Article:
Friday, July 26, 2013

The Wolverine

This summer, I prefer the "Man of Steel" over the "Man of Adamantium" - but both are worlds better than the third "Man of Iron." Made for fans of the 'X-Men' movies - including those who wrote off the Wolverine character after that awful 'Origins' tale.

Rated PG-13 for sequences of intense sci-fi action and violence, some sexuality and language.

The Wolverine

I wasn’t certain that Fox could bring Wolverine back after that dreadful stand-alone prequel X-Men Origins: Wolverine. While The Wolverine may not bring the character back up to its previous heights, it has two very strong things working in its favor – a solid director and some perfect action sequences.

James Mangold is one of the only directors that I can think of that has tackled so many different genres and had success with each of them. He has made a solid police drama (Copland), a heavy drama (Girl, Interrupted), a chick flick (Kate & Leopold), a brilliant psychological thriller (Identity), an Oscar-worthy bio-pic (Walk the Line), a fantastic western remake (3:10 to Yuma), a fun summer popcorn blockbuster (Knight and Day) and now a stylized comic book movie.

The Wolverine places Hugh Jackman and his iconic X-Men character in a vulnerable position. X-Men Origins: Wolverine gave a prequel backstory to Logan/Wolverine, but The Wolverine gives us a post-X-Men: The Last Stand Wolverine. I was hoping that the writers would have ignored the existence of The Last Stand, but one line references the death of Jean Grey in it. Following that tragedy, Logan is now a mess. He has sworn off violence – that is, until he’s placed in a position that provokes him to fight back.

The film opens with a great WWII flashback of Logan saving a young Japanese man’s life. In present day, we learn that the Japanese man lived to become a wealthy, successful and very powerful businessman in Tokyo. Now on his deathbed, he wants nothing more than to thank the enigmatic superhero that saved him so long ago. As a token of his gratitude, he offers to replay Logan by giving him a cure to his curse – mortality. Of course, once in Tokyo, Logan is forced into the middle of a plot involving the kidnapping of his Japanese friend’s granddaughter and has to break his new no-violence code.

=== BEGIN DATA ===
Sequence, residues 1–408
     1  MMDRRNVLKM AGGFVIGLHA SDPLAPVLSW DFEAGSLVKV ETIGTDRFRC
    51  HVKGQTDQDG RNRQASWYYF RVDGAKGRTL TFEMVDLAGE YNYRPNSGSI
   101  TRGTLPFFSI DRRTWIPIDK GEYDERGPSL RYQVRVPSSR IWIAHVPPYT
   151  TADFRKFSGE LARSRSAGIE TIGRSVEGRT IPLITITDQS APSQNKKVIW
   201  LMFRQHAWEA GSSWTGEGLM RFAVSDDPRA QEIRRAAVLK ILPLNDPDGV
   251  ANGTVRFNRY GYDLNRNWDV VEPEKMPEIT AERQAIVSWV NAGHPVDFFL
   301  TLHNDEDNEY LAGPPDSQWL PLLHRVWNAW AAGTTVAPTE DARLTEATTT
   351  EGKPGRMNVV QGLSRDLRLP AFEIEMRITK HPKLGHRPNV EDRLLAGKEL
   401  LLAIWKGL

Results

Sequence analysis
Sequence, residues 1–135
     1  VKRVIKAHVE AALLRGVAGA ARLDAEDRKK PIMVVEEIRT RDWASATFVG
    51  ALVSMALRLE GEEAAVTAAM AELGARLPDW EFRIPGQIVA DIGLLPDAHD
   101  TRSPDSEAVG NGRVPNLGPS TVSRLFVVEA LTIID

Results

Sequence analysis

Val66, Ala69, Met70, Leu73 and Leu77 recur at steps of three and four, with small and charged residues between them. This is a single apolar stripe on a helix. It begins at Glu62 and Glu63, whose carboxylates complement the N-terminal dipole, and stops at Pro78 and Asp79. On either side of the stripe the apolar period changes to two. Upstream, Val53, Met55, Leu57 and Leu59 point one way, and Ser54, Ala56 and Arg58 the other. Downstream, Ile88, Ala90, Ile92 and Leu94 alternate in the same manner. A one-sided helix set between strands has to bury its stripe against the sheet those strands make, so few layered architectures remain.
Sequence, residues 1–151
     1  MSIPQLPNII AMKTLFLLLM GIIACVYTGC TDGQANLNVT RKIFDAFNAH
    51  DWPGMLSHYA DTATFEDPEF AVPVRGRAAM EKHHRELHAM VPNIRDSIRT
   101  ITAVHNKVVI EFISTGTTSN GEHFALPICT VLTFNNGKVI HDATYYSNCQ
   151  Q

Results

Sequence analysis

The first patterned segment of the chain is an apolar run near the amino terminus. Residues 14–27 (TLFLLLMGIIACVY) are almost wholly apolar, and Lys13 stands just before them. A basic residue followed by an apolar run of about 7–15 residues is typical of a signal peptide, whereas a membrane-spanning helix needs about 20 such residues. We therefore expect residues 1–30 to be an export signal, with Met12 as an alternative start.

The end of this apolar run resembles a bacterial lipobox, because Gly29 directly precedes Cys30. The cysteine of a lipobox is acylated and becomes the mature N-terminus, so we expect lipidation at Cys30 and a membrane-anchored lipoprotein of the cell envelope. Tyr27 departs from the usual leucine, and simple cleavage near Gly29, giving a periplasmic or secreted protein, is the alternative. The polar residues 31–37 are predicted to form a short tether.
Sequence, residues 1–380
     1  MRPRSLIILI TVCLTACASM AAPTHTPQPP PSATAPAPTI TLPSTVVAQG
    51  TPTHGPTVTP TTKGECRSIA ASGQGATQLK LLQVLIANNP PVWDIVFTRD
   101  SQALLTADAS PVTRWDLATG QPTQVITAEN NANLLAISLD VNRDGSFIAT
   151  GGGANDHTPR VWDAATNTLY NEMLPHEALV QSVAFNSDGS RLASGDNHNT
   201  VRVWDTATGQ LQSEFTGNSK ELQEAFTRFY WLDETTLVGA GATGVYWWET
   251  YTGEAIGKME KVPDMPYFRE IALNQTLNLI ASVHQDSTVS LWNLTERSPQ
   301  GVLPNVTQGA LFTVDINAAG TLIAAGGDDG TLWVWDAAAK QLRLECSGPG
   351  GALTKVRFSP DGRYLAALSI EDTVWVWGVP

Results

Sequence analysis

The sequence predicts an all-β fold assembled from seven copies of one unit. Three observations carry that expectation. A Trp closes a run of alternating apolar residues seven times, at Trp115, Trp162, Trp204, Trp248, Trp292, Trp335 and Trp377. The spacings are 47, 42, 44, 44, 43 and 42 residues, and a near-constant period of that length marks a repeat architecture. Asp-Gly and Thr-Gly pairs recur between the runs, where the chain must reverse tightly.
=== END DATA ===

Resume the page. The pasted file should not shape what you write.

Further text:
With his mutant Adamantium claws showing, Logan once again turns into the Wolverine to save an innocent life. The initial action scenes in Tokyo are brilliant, some of the very best to come out of any action movie in the last few years. Although the trailers have made the effects of the train sequence look less than impressive, don’t judge it by those snippets. What appears cheesy in the trailers actually makes up my favorite scene in the entire movie. The train sequence is the type that makes any fan of action movies giddy with excitement and tension.

Following the train scene, there’s a long-lasting lull. Action and tension is nowhere to be found. Instead, we get some great character moments – nothing as strong as what was accomplished with X-Men: First Class, but it’s still a nice change of pace for the Wolverine character. What follows is full of ninjas and loads of stabbing. You’d think that this ending would serve as a great climax, but it somewhat falls apart. The action is less impressive than previous scenes and the big reveal is a bit of a stretch. This third-act flaw doesn’t ruin the film, but it definitely keeps it from greatness.

If you’ve liked the X-Men movies thus far, then you ought to enjoy The Wolverine – even if you despised X-Men Origins. And if you want a lead-in tease to next summer’s X-Men: Days of Future Past, then don’t get out of your seats when the credit start rolling.

Photo credit: 20th Century Fox

3 1/2 out of 5

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